Tuesday, June 10, 2008

The National Holocaust Memorial Museum...

.....in Washington, D.C. is an incredible place. On the morning of my birthday a few weeks ago, my girlfriend Lori and I decided to go on a trip to DC. We originally planned on going to the zoo, but it was raining and cloudy in Getysburg. She came up with the idea of the Holocaust Museum, and am I ever glad she did!

We took the drive to Shady Grove and got on the Metro (all of this of course being a new experience for me), and made it into DC in the late morning. We got off by the Dept. of Agriculture, which was only a very short distance from the museum.

How can one truly describe this place? I really don't think you can. You have to physically go there to not only see, but to feel the aura and to smell it. The designers captured the feeling well. A feeling of sadness, misery, and a deep aura of foreboding were with me throughout. Straight up, anyone who has the audacity to doubt that the Holocaust really happened should be forced to go here.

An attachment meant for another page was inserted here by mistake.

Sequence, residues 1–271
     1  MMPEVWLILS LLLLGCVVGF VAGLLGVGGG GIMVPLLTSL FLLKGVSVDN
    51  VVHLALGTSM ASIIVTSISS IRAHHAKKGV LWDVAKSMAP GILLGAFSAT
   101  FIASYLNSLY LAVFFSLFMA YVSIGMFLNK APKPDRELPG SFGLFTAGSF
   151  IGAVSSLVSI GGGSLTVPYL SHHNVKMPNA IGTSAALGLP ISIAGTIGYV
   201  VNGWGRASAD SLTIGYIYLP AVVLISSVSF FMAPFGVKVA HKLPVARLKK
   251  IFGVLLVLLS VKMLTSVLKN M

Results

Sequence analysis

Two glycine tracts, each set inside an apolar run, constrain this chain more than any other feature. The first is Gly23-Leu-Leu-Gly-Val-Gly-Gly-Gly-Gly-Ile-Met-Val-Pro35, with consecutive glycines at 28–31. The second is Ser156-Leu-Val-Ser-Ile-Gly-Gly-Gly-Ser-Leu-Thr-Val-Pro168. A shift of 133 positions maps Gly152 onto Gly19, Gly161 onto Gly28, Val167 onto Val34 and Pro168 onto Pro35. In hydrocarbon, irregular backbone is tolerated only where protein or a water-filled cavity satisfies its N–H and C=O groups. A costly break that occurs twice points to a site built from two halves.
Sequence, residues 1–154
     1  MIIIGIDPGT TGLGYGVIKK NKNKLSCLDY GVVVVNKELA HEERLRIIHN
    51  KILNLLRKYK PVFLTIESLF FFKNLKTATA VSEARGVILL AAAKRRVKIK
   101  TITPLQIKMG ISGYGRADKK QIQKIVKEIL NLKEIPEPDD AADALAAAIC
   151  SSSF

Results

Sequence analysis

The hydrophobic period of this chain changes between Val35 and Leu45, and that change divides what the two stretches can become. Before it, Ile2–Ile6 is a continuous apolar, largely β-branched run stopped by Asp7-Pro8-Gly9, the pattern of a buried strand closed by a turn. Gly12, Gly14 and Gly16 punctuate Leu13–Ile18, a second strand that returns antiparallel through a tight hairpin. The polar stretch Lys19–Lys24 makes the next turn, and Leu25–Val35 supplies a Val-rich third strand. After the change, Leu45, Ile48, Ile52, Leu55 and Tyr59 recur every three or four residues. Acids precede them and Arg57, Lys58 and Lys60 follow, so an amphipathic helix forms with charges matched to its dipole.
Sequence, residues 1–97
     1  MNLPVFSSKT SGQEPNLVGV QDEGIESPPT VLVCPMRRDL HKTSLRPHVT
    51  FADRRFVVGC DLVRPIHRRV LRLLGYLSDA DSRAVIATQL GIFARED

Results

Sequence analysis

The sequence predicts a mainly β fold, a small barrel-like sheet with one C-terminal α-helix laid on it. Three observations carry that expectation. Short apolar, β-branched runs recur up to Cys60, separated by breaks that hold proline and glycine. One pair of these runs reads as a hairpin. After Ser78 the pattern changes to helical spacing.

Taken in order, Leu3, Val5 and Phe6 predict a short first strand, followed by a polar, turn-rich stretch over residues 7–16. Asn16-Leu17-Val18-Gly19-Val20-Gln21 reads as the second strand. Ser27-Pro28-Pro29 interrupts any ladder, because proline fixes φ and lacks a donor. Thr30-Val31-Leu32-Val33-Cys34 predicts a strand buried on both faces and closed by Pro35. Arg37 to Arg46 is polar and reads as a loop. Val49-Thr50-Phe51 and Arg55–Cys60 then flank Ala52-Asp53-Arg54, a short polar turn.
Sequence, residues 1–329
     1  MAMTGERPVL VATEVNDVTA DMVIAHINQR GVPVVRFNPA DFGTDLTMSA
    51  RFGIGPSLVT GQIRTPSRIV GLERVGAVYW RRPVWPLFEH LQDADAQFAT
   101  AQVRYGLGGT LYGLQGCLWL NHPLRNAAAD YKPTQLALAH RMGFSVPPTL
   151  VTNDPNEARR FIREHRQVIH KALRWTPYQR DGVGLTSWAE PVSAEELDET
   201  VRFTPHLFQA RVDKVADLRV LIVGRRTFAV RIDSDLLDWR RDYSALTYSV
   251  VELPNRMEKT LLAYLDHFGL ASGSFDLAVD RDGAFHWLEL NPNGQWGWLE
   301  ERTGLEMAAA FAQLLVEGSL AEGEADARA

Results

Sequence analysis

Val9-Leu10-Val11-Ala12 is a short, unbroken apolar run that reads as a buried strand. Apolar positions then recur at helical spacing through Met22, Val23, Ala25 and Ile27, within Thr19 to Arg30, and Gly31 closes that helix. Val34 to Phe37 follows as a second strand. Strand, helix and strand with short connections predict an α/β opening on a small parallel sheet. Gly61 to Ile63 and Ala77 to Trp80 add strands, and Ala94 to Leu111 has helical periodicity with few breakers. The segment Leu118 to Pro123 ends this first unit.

Upon entry, you can select an ID card of an actual Holocaust victim, telling you who they were, where they were sent, and what happened to them (adding a personal level of realism to an already surreal experience). You are then jammed into a very creepy elevator for a ride to the 4th floor. A short video presentation in the elevator sets the stage for things to come.

Starting on the 4th floor, you proceed through a series of videos, exhibits and descriptions of such things as the Nazi rise to power, segregation and persecution by race, the formation of the camps, and so forth, all the way to the end which shows the Allies uncovering the camps, and the public reaction.

Very powerful exhibits and displays of not only the final solution, but of the systematic robbery and de-humanization of the victims, do a very strong job of telling the story while not being overly graphic (this is not a place for the young, the squeamish, or the faint of heart). There is even a small exhibit that details the medical experiments (torture?) that were done on some of the victims.

Two exhibits that struck me the hardest were the railroad car that was actually used to bring people to the camps, and bunks from Auschwitz. Why? Because the true smell of death was actually present. Maybe it wasn't death per se, but it was an odor in the wood unlike any I have ever experienced, and it was not pleasant.

Again, this is a very powerful, extremely awesome, and extemely sad museum. If you are ever in Washington, D.C. with some time to spare, go check it out! You'll be forever changed, but you definitely won't be disappointed!
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